Is speech pathology all about the way people talk … or is there more to it?
Speech pathologists, as the name suggests, work with children who have trouble producing speech sounds correctly … but is a speech pathologist’s office a revolving door of lisps or is there more that they can offer their clients?
Below is a brief description of the areas in which speech pathologists can offer assessment, treatment and support lasting change in the communication skills of children.
Alternative and Augmentative Communication
In some cases, children with disabilities such as cerebral palsy and severe autism have little or no speech.
A speech pathologist can work with these children and their families to support the implementation of communication systems to supplement the speech they have or to use as their primary means of communicating.
Examples of alternative and augmentative communication systems include: picture exchange systems, keyword sign and higher tech options such as iPad programs and specialised computer based devices.
LanguageChildren of all ages can have difficulty understanding spoken language and using language to express themselves.
A speech pathologist can support children who may experience minor challenges with language development; language delays and those with a diagnosed language disorder to develop the skills to understand instructions and spoken sentences in their everyday life and express themselves competently in everyday interactions with peers and adults.We understand that all behaviour is a person’s way of communicating their experience of the world. When language skills are not developed to a child’s potential it is likely they will begin expressing by using unwanted behaviours as this is their existing form of communication. Speech pathology can support in language development to support reduction of unwanted behaviours.
LiteracySpeech pathologists can support children who are having trouble learning to read and write by working with them to develop the skills that underpin reading and writing (phonemic awareness skills).
PlayPlay, particularly imaginative play, is an essential skill for children to develop, as it is the medium through which they relate to their peers and develop their social skills. Many children, including but not limited to those on the autism spectrum, often need support to develop their play skills in order for them to create positive interactions with their peers.
Speech pathologists can teach children to develop their ability to play imaginatively as well as working with them to develop the other skills needed to play successfully with other children.
Pragmatic Language and Social SkillsPragmatic language and social skills are the tools needed for a life that includes other people. They underpin a child’s ability to interact appropriately with peers and adults as well as their ability to use communication to fulfil a range of social functions such as protesting appropriately or asking for help.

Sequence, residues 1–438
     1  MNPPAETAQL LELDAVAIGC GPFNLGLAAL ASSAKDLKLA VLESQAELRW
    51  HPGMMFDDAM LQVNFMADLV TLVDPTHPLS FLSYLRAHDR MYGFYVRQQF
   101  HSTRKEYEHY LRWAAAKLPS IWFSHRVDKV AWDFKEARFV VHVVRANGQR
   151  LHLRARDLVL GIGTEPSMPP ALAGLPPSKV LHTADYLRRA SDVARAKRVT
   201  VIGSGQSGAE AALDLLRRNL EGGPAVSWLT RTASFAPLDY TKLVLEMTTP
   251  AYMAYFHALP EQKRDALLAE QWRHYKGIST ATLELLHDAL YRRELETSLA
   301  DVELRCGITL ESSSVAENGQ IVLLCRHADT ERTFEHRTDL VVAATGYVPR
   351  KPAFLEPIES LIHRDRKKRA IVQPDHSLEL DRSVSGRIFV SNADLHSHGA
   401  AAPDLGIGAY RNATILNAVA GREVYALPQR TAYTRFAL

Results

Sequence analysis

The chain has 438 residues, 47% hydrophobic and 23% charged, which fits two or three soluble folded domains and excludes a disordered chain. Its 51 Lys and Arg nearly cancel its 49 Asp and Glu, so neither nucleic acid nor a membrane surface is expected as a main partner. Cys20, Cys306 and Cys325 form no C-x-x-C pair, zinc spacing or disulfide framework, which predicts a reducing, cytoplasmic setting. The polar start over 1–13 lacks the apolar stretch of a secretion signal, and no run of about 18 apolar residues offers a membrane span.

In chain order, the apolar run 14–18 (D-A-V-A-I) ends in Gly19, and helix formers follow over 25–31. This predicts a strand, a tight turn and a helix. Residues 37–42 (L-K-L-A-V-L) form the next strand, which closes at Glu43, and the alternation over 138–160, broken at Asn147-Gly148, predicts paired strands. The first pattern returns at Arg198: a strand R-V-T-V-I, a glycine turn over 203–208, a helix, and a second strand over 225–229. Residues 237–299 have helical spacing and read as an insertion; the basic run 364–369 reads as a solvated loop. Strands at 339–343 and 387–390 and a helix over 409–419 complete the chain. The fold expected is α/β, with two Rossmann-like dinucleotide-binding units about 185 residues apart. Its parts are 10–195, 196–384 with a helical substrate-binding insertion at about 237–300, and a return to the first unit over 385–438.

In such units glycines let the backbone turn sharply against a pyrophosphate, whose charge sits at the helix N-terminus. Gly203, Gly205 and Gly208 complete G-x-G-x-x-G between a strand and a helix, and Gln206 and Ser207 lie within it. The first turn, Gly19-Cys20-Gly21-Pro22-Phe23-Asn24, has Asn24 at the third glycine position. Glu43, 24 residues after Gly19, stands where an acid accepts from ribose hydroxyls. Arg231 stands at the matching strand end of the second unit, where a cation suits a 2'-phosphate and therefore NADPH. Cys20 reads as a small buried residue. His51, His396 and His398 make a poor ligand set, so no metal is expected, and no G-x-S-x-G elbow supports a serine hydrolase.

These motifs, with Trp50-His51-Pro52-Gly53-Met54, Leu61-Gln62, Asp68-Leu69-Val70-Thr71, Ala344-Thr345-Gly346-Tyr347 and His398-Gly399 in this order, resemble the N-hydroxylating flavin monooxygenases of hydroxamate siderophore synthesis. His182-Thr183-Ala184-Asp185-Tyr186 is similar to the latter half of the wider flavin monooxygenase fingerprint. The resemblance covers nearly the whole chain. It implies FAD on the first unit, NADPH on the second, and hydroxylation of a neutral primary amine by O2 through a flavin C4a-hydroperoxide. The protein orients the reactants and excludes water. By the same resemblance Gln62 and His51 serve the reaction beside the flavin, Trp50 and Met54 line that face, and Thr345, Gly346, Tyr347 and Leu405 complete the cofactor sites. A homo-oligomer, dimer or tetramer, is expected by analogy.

Speech pathologists can support children who have difficulty using their communication skills to function successfully in the world and support them to develop the skills needed for meaningful and successful interactions with others.Children on the autism spectrum frequently require support in this area.
Problem Solving Skills (Higher Level Language Skills)
Children who have a history of delayed language, as well as children on the autism spectrum can have difficulty with the problem solving skills of making inferences (the ability to draw conclusions from clues within the environment or given by other people), making predictions (predicting what is most likely to happen depending on the events and choices made in the present), determining the cause of a problem (and their own part in that), generating ideas for solutions to problems and putting information together to solve a problem.
This collection of skills have a significant bearing on a child’s ability to interact successfully with peers and adults, make appropriate decisions and respond appropriately in day-to-day situations.
Speech pathologists can support children to develop these skills and integrate them into their day-to-day decision making and interpersonal interactions.
StutteringChildren who stutter can exhibit a number of symptoms such as repeating sounds, syllables and words when talking. They may also have trouble starting a sentence, can elongating sounds within words and can experience ‘blocks’ where no sound comes out when they try to speak.
Speech pathologists can assist in the assessment, treatment and management of stuttering.
Speech ClaritySpeech pathologists can teach children to produce sounds they are having trouble saying and offer support with more complex speech disorders, such as dyspraxia, which make it difficult for children to be understood.
Swallowing and FeedingChildren from birth up who have difficulty with the mechanics of eating and swallowing sometimes need support to eat safely. Children with sensory needs, such as children on the autism spectrum, often also need support to manage the sensory challenges that different foods present.
VoiceSpeech pathologists can assist in the diagnosis, treatment and management of various voice disorders. The most common seen in children, is when children’s voices take on a strained or hoarse quality, due to damage from misuse.
Speech pathologist Kathryn Maroney offers speech pathology services at Fabic. Kathryn works primarily with children and has a particular interest in autism.
Please contact Fabic for more information or to make an appointment